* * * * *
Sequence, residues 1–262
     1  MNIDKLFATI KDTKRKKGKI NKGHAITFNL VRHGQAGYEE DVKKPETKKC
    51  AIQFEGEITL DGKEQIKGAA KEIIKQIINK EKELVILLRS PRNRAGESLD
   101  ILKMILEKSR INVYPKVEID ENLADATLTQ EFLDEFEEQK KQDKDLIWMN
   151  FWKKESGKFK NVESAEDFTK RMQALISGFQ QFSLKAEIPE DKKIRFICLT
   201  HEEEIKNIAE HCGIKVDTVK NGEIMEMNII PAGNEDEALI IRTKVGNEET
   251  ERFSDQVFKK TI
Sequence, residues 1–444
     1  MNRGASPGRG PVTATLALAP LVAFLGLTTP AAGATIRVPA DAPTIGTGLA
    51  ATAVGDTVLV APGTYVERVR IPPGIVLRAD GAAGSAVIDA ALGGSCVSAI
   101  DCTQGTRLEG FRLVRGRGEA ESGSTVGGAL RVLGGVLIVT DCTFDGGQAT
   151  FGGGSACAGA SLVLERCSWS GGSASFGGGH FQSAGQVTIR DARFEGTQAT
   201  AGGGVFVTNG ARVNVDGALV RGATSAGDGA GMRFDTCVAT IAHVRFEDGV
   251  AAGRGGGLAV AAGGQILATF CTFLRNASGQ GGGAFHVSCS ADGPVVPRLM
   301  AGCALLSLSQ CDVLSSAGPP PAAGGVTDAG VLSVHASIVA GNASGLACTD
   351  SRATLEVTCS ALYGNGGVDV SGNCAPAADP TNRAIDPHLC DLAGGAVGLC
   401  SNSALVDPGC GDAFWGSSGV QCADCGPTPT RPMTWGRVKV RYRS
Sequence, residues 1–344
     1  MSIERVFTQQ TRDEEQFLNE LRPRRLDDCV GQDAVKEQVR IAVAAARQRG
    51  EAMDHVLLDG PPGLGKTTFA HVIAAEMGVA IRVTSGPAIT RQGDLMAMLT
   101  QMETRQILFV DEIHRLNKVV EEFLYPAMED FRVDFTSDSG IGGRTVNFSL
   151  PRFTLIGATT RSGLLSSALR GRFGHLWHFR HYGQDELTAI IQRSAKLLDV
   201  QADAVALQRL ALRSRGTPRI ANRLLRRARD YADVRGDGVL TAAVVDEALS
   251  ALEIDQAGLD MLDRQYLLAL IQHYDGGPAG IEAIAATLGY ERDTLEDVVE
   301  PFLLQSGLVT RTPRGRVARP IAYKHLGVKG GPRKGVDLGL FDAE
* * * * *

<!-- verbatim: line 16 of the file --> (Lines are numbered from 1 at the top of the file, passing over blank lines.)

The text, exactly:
   351  SRATLEVTCS ALYGNGGVDV SGNCAPAADP TNRAIDPHLC DLAGGAVGLC